Jinyan Zeng 曾金燕, a scholar, writer, and documentary filmmaker, is a Postdoctoral Fellow at Lund University, Sweden (2021–23). Zeng was awarded her PhD at the University of Hong Kong in 2017, the 2017 Oak Fellowship (film and photography) at Colby College, and the 2020 Postdoctoral Fellowship at the University of Haifa. Zeng specialises in gender and sexuality, culture and politics, intellectual identity and social activism, and ethnicity, with particular emphasis on China. Her book Feminism and Genesis of the Citizen Intelligentsia in China (City University of Hong Kong Press, 2016) received a Publishing Award in the Social Science category of the 2017 Hong Kong Publishing Biennial Awards. Zeng produced and co-directed the documentary films Prisoners in Freedom City (Hu Jia, Zeng Jinyan, 2007) and Outcry and Whisper (Wen Hai, Zeng Jinyan, Trish McAdam, 2020), wrote the script for the short 3D animation A Poem to Liu Xia (Trish McAdam, 2015), and produced the feature documentary film We the Workers (Wen Hai, 2017).
Liu Wai Tong (廖偉棠) is a poet, writer, and photographer. He was born in 1975 in Guangdong Province, later moved to Hong Kong, lived in Beijing for five years, and currently lives in Taipei. Liu has received the Hong Kong Biennial Award for Literature, the Taiwan Times Literature Award, and the United Daily News Literature […]
This collection of six essays is developed from a webinar titled ‘(Self-)Censorship, Social Activism, and Chinese Feminist Scholarship’, which was held on 10 July 2020. Chinese feminism today faces increasing pressure for (self-)censorship at both domestic and international levels, on issues of social activism, the politics of identity, and the politics of representation. The webinar […]
In the past few months, I collaborated with Xu Xibai, a PhD candidate at the University of Oxford, to translate into Chinese Sebastian Veg’s groundbreaking book Minjian: The Rise of China’s Grassroots Intellectuals (Columbia University Press, 2019). We embarked on this project with the conviction that this translation will not only inspire debate on the […]
Liu Shao-hua earned her PhD in Sociomedical Sciences and Anthropology at Columbia University, and is now a Research Fellow at the Institute of Ethnology at the Academia Sinica, Taiwan. Her research takes AIDS, drug use, leprosy, and environmental issues as a lens for analysing the nature and trajectories of contemporary social change and individual life […]
Before retiring, Ai Xiaoming was a Professor in the Chinese Department at Sun Yat-sen University. She is also a feminist scholar, rights activist, and independent documentary filmmaker. In the 1980s and 1990s, Ai’s academic work focussed on modern and contemporary Chinese literature and comparative literature. In 1999, she moved to the United States for one […]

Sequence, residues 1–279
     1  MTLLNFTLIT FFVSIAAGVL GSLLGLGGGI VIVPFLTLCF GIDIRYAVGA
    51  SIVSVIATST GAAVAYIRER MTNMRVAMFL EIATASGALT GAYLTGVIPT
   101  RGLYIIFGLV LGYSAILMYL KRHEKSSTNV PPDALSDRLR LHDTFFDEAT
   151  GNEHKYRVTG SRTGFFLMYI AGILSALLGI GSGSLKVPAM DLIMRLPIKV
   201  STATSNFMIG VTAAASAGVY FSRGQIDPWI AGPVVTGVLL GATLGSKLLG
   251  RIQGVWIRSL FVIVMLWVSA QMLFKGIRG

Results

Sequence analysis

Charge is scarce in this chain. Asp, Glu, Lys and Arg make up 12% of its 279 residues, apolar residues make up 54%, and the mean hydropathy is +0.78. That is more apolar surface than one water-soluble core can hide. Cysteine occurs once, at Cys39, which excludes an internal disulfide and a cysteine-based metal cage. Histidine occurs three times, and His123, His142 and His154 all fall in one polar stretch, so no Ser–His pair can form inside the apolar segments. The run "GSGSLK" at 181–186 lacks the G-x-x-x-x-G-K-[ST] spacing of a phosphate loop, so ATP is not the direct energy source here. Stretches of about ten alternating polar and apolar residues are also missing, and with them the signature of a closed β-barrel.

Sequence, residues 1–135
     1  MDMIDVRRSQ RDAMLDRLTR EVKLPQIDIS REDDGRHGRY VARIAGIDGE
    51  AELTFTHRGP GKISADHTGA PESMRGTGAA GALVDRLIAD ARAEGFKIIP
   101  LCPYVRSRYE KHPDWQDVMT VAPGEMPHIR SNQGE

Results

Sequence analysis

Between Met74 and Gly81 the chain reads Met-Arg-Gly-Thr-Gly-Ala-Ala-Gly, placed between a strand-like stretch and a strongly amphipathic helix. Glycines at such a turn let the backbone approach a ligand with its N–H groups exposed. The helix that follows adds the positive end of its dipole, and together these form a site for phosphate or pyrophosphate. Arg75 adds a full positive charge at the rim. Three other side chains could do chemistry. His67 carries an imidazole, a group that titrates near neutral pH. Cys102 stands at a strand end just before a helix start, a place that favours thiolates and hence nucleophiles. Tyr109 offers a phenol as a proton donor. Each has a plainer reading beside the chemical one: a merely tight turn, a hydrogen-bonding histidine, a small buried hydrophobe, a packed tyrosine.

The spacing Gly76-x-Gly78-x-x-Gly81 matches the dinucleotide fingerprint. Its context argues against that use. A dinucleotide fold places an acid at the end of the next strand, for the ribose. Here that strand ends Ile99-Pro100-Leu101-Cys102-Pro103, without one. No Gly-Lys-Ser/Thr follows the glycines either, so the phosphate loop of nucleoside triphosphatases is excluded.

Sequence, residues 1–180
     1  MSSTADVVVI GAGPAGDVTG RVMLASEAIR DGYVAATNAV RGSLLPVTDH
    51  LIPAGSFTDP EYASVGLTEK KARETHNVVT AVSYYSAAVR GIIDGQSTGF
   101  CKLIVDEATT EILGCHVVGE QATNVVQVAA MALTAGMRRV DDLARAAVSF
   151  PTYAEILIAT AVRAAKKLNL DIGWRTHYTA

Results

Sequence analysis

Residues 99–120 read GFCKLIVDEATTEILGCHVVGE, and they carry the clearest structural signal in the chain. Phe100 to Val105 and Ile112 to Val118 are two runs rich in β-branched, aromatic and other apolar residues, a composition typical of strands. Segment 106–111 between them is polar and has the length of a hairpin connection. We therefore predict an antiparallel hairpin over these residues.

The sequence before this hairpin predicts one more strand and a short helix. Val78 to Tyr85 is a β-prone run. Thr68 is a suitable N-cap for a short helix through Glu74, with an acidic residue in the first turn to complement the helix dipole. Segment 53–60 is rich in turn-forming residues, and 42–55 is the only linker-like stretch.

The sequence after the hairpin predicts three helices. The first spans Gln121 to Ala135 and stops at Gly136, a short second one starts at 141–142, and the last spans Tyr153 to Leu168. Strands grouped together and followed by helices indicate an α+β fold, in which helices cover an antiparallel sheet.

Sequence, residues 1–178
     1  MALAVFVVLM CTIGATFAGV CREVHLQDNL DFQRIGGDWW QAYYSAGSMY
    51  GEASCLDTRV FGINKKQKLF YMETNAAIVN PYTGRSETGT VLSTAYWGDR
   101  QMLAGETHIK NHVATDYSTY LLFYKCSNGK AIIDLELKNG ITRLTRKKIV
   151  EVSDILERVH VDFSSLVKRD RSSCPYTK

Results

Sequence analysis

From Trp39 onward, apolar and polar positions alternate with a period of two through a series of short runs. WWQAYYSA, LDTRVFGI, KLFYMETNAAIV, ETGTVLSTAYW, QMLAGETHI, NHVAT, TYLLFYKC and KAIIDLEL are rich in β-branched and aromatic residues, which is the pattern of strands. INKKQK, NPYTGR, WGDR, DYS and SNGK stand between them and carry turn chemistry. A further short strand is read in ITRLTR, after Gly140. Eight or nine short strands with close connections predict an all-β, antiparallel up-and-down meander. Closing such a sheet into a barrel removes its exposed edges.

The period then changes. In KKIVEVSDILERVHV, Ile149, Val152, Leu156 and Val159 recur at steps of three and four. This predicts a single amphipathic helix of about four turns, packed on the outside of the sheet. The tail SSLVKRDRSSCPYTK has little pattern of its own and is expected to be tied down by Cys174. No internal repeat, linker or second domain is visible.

Ying Liang is an independent filmmaker, whose work encompasses film curation, teaching, and commentary. His well-known feature films include Taking Father Home (背鸭子的男孩 2005), When Night Falls (我还有话要说 2012), as well as the short movies Condolences (慰问 2009), A Sunny Day (九月二十八日·晴 2016). Ying’s works have won numerous international awards; When Night Falls earned him […]
After her return to China in June 2013, Wang Nanfu, a postgraduate from New York University, trained her camera on Ye Haiyan, an activist for sex workers (see Tiantian Zheng’s essay in this issue). In Hainan province, she filmed Ye’s protests against the sexual assault of several primary school girls by their principal, and the […]
Wang Lixiong is an author whose topics cover political fables, Tibet and Xinjiang issues, and the practice of grassroots democracy. His representative works include Yellow Peril (huang huo) published in 1991. In December 2017, he published a new novella about the digitalisation of Chinese politics titled The Ceremony (da dian). Zeng Jinyan: From Yellow Peril […]
Shot over a six-year period (2009–2015) mainly in the industrial heartland of south China—a major hub in the global supply chain—the 2017 film We the Workers (xiongnian zhi pan) follows labour activists as they find common grounds with workers, helping them to negotiate with local officials and factory owners over wages and working conditions. Threats, attacks, detention, and boredom become part of their daily lives as they struggle to strengthen worker solidarity in the face of threats and pressures from police and their employers. In the process, we see in their words and actions the emergence of a nascent working-class consciousness and labour movement in China. What follows is a conversation between Zeng Jinyan, producer of the movie, and its director Huang Wenhai.
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